Making transparency work in Africa’s marine fisheries

Global problems facing the marine fisheries sector, including overfishing and the marginalization of the small-scale sector, are leading to increased international awareness of the need to improve transparency in fisheries governance. This Issue paper considers the situation in Africa, where access to information on commercial fisheries and related investments, including foreign aid for fisheries development and marine conservation, are generally lacking. It suggests improving transparency may lead to important gains, such as reducing corruption, improving the effectiveness of aid, and combating illegal fishing. However, the extent to which transparency can make a difference in these areas depends on a number of conditions, including the strength of mediating organisations, the strength of accountability mechanisms, and whether there are robust means to allow for ‘principal-led’ transparency. The paper reflects on the value of establishing a dedicated transparency initiative for marine fisheries inspired by the Extractive Industries Transparency Initiative (EITI).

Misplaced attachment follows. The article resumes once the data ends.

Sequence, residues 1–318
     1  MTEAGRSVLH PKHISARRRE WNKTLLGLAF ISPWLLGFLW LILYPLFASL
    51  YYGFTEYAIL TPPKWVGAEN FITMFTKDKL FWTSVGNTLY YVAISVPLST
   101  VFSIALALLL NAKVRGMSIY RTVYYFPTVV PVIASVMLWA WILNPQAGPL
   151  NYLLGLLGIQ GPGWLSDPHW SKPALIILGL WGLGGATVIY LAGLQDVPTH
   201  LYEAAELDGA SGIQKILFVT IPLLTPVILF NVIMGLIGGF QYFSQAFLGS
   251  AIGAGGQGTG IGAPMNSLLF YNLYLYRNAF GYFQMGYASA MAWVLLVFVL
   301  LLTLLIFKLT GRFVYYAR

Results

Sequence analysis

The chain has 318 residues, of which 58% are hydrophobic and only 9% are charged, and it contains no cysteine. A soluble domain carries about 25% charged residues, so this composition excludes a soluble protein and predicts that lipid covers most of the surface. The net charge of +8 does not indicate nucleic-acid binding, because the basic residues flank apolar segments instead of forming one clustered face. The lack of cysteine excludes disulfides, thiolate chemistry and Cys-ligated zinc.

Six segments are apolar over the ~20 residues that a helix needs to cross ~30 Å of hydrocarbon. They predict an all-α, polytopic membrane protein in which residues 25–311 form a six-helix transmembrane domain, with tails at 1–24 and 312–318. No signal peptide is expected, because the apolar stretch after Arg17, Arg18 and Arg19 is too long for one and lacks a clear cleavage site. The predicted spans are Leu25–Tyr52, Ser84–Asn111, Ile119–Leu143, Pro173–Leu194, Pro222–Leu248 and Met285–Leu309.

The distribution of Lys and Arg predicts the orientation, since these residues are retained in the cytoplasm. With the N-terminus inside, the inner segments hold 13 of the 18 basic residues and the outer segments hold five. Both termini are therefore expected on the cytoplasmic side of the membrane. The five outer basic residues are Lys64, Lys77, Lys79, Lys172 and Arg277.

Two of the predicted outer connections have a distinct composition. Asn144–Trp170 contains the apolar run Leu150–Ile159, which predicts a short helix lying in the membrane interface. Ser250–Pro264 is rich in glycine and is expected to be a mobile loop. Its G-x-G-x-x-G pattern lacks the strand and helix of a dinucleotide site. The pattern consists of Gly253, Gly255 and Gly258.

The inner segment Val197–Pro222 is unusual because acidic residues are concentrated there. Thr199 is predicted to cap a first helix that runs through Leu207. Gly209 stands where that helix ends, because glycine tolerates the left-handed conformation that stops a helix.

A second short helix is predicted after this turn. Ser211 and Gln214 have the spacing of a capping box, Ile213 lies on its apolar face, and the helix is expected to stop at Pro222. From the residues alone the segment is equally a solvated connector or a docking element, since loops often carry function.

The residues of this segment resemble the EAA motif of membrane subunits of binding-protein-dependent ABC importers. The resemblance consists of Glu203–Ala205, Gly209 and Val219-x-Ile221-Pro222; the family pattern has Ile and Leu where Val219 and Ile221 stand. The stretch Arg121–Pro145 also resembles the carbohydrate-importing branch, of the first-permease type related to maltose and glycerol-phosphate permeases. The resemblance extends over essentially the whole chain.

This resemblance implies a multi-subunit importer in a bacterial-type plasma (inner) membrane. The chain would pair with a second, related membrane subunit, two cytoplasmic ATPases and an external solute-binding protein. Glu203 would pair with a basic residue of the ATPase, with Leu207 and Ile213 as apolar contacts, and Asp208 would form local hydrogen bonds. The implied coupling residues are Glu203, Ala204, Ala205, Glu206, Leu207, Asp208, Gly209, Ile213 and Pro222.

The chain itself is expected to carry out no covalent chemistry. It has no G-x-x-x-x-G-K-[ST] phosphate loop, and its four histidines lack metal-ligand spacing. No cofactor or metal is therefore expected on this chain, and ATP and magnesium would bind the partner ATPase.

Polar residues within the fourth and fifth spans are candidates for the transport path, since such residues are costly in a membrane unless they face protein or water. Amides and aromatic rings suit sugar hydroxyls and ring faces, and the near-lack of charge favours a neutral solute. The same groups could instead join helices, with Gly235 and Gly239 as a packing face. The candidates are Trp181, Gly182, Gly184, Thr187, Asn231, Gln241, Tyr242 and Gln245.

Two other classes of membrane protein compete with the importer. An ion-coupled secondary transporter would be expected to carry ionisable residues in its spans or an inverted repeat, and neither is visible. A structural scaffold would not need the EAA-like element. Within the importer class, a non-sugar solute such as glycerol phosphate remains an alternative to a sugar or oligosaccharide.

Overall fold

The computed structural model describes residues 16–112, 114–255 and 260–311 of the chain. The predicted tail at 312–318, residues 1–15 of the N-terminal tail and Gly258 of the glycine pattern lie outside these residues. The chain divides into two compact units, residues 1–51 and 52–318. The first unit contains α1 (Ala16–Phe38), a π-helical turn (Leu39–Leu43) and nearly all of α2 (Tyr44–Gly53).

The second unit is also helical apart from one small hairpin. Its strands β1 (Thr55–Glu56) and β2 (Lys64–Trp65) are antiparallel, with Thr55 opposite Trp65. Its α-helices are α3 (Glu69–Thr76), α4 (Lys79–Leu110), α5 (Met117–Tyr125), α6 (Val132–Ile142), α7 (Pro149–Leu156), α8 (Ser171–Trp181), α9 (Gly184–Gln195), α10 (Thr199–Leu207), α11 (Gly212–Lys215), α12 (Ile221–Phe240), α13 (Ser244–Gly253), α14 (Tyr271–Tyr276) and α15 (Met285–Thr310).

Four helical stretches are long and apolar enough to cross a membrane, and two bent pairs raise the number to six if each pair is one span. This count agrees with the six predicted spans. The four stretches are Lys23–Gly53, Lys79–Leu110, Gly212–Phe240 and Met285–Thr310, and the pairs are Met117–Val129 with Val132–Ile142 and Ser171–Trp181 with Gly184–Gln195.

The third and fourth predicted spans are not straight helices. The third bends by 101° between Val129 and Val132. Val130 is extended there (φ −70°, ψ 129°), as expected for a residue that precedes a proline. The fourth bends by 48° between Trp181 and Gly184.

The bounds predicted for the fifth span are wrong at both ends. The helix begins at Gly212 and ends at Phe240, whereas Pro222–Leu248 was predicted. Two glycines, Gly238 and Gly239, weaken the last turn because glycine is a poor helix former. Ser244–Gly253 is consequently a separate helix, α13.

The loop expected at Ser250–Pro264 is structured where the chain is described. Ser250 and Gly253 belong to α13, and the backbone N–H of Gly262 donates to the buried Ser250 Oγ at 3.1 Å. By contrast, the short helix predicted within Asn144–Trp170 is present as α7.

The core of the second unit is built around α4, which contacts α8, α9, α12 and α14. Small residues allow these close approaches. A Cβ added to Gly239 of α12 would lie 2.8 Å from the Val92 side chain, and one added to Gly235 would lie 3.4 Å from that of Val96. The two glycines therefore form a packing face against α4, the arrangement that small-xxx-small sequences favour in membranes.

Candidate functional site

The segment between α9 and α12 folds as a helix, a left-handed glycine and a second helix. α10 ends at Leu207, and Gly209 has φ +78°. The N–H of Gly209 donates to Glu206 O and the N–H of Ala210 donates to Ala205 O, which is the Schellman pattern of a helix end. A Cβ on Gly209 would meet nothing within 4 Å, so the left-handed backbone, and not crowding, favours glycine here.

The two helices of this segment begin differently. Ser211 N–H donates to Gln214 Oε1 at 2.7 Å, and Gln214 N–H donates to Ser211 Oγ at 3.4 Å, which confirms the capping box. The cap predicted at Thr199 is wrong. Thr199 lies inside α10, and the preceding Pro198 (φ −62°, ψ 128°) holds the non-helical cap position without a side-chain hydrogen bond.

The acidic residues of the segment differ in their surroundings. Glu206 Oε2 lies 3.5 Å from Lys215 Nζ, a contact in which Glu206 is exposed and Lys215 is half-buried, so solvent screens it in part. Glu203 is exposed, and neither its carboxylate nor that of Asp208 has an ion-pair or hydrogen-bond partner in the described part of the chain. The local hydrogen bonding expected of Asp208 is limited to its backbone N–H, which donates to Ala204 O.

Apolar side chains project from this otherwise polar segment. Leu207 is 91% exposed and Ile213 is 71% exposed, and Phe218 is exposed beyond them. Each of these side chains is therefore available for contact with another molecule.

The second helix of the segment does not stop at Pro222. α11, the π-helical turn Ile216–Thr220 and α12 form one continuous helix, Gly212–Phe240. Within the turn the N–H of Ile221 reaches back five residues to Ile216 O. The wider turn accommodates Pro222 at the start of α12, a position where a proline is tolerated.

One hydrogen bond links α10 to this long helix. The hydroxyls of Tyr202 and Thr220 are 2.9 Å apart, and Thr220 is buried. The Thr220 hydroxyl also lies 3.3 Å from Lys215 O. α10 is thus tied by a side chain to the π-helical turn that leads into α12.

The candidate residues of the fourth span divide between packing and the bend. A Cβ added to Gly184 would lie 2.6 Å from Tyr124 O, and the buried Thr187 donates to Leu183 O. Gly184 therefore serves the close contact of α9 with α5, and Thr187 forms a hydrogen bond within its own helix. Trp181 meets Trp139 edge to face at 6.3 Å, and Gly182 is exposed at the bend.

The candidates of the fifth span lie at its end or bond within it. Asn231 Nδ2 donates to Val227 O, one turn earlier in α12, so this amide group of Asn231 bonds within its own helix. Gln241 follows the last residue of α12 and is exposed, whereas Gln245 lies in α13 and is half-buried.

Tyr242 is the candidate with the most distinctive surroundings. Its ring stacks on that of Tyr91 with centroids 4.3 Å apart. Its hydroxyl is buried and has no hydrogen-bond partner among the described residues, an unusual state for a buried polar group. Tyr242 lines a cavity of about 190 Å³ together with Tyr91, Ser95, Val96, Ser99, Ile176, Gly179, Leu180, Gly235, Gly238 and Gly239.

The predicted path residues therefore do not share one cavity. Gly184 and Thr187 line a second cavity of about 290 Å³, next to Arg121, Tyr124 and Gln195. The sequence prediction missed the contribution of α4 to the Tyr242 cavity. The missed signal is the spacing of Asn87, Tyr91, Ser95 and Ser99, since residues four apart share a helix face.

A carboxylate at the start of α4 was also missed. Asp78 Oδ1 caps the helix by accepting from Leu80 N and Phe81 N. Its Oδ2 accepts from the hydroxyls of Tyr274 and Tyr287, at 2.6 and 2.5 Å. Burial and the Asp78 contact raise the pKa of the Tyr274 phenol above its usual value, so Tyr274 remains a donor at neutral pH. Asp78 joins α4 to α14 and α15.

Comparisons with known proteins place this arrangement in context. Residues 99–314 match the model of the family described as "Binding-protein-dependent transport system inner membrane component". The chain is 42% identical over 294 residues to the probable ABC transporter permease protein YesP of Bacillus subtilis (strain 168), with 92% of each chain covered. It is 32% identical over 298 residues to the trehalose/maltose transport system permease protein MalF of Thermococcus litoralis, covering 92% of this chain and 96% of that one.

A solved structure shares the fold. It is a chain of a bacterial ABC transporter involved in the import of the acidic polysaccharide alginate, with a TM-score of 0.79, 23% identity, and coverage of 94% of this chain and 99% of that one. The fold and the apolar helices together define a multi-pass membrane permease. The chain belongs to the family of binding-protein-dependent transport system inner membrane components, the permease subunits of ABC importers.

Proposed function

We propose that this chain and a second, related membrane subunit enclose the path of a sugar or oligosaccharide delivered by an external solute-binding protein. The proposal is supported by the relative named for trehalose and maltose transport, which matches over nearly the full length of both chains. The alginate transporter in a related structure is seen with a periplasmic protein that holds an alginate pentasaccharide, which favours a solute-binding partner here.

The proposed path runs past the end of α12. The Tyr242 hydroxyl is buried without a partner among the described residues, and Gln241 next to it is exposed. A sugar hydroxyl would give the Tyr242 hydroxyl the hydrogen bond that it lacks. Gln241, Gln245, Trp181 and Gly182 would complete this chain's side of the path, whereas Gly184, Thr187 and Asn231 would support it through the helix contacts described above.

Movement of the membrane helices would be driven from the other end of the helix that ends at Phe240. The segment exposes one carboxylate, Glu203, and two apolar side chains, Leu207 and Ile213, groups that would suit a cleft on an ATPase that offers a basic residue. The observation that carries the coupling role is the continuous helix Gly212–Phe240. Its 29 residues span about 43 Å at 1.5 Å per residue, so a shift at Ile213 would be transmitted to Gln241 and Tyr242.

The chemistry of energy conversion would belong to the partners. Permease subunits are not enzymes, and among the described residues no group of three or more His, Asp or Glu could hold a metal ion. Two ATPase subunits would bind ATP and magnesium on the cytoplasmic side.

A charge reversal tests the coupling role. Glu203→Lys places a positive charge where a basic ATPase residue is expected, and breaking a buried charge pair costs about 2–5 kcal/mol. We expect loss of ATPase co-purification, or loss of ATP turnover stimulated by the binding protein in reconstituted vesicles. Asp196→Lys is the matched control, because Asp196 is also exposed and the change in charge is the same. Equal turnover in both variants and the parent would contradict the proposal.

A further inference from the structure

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Sub-Saharan Africa Regional Economic Outlook

The International Monetary Fund (IMF) has released its Economic Outlook for Sub-Saharan Africa. The health crisis has precipitated an economic crisis reflecting three large shocks: disruption of production and a sharp reduction in demand; spillovers from a sharp deterioration in global growth and tighter financial conditions; and a severe decline in commodity prices. As a result, the region’s economy is projected to contract by 1.6 percent this year—the worst-reading on record. Some economies such as this highly dependent on tourism are expected to shrink further.

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